It's easy to poke fun at the seeming inconsistencies of those who purport to defend "The Culture of Life". Intensely passionate about life at the margins, they are relatively indifferent to life between the margins. They’ll march for the fetus, the embryo, and for those in a persistent vegetative state, but they’ll barely lift a finger for a sick child without health insurance. It’s as if they lose interest in the child the second she is born and don’t regain an interest unless she winds up in a permanent coma. Clearly, this is a peculiar point of view.
But it is not necessarily inconsistent. Defenders of the culture of life will tell you that they are guided by one simple principle: all human life is equally valuable. Or, more precisely, that all innocent human life is equally valuable. This principle puts embryos and human vegetables morally on a par with normal children and adults. On this view, killing embryos is just as wrong as killing children.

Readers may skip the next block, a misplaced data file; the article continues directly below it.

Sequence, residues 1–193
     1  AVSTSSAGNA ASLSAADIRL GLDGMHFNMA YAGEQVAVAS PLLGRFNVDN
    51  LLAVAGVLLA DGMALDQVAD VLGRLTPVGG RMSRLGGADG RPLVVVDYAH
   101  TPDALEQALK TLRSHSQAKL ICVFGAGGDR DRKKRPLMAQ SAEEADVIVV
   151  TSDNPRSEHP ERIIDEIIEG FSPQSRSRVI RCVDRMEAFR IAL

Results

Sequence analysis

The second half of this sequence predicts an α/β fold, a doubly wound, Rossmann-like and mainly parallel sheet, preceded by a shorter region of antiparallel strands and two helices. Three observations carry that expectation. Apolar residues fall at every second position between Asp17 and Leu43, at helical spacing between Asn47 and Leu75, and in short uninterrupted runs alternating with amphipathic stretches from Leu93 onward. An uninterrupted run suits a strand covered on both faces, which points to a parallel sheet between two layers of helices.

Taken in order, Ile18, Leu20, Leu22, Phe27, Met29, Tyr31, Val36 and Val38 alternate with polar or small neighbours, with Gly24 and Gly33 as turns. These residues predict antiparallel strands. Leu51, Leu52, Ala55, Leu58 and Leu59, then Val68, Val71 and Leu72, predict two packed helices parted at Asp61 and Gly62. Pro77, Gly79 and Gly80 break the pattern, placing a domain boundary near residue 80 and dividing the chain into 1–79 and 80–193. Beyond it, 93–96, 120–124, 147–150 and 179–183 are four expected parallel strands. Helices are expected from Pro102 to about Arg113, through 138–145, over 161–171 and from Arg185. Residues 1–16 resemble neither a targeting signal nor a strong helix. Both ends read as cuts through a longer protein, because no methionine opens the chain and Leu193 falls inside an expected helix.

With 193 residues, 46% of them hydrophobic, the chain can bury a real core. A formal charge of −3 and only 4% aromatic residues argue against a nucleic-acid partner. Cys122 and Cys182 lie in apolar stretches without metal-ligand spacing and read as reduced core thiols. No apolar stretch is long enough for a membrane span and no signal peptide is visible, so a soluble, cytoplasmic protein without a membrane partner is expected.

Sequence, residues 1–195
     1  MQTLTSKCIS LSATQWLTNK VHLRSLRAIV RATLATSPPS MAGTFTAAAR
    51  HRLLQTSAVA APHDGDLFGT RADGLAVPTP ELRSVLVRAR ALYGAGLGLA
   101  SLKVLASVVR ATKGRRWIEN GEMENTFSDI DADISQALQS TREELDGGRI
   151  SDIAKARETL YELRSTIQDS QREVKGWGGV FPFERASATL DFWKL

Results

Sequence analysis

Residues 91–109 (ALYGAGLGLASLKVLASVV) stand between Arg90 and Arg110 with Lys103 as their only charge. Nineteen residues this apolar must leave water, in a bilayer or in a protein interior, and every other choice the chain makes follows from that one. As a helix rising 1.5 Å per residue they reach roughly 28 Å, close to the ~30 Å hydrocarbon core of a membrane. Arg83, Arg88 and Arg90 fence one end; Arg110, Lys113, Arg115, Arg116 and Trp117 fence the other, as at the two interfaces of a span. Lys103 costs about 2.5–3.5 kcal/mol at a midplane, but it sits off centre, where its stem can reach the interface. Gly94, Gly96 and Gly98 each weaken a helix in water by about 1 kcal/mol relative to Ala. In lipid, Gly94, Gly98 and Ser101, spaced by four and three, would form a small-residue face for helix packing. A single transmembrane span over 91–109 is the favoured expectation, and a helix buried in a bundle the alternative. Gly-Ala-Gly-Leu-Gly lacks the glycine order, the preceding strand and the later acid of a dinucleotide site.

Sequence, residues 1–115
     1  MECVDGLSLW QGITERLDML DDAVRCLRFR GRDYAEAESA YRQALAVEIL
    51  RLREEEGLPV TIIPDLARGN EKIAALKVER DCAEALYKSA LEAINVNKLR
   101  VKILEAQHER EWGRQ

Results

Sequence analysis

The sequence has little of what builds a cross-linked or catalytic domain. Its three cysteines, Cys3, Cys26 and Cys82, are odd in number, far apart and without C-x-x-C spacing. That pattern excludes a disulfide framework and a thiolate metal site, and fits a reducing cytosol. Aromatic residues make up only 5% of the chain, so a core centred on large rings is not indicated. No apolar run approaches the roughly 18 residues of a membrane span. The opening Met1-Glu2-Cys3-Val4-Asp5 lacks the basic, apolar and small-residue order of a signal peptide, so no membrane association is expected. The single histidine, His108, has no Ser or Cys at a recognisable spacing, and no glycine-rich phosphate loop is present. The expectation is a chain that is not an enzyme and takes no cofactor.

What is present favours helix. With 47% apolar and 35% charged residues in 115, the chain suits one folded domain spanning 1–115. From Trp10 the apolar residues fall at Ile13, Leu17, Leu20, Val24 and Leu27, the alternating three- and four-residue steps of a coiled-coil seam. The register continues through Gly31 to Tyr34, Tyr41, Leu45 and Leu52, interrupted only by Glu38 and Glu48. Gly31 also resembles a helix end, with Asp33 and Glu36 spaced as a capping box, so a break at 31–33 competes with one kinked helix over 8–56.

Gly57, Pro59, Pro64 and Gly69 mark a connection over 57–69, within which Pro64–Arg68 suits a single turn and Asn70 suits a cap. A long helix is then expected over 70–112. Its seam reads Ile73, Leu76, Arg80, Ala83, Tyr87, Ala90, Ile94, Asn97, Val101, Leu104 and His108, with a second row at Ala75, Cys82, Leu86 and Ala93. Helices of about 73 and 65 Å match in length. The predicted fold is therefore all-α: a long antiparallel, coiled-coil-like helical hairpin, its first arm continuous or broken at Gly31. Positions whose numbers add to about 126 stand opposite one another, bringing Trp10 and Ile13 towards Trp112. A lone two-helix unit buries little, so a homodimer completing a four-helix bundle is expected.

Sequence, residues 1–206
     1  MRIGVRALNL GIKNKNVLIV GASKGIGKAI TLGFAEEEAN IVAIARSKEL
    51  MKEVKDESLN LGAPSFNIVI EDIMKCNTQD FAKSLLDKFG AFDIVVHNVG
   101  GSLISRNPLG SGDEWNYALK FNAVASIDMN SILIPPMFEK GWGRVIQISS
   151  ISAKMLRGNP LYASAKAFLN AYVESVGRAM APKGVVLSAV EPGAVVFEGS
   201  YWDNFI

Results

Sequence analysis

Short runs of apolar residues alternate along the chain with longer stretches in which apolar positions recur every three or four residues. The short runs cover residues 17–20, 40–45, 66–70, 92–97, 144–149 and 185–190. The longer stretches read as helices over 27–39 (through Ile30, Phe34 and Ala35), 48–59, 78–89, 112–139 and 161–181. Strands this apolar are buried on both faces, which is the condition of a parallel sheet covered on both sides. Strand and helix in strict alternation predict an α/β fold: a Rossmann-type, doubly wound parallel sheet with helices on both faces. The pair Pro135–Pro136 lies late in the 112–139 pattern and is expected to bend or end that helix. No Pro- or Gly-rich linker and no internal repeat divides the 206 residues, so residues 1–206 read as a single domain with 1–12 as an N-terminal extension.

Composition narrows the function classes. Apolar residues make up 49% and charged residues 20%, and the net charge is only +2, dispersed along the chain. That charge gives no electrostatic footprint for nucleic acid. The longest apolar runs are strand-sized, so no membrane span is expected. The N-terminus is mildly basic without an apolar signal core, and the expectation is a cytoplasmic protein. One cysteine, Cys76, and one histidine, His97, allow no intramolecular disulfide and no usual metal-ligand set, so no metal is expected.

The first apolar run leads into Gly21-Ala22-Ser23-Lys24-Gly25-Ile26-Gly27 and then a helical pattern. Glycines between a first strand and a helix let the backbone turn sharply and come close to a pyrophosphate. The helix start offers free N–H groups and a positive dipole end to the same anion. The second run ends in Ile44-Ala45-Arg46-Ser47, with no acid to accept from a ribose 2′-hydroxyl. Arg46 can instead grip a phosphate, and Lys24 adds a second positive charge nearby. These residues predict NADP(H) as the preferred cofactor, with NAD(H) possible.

One can object to this view in at least three ways:
(1) deny that embryos, fetuses, and human vegetables are human.
(2) argue that embracing universal human equality commits one to fight for universal health care just as vigorously as it commits one to oppose abortion.
(3) reject the inherent equality of all innocent human lives.
(1) is pointless because embryos, fetuses, and human vegetables are obviously human. (2) is worth exploring but I’m going to defend (3). I think it's demonstrably false that all innocent human life is equally valuable. To see this, consider a simple thought experiment. Suppose that you had the power to determine whether the next 100 fetuses to be born would be born normal or seriously deformed. Suppose that, if you push button A, they'll all be born normal and healthy. If you push button B, they'll all be born permanently brain damaged and paralyzed. Now, if you genuinely believe that all innocent human life is equally valuable, then you should be indifferent between pushing A or B — you should flip a coin. But no sane person could be indifferent in this situation. It would be monstrous to flip a coin. Anyone who would seriously consider pushing B is so gripped by a dogma that he's beyond the reach of rational argument.
Clearly, the right thing to do is to push A, and that reveals the absurdity of believing that all human life is equally valuable. And without that principle, the Culture of Life doesn't have a leg to stand on.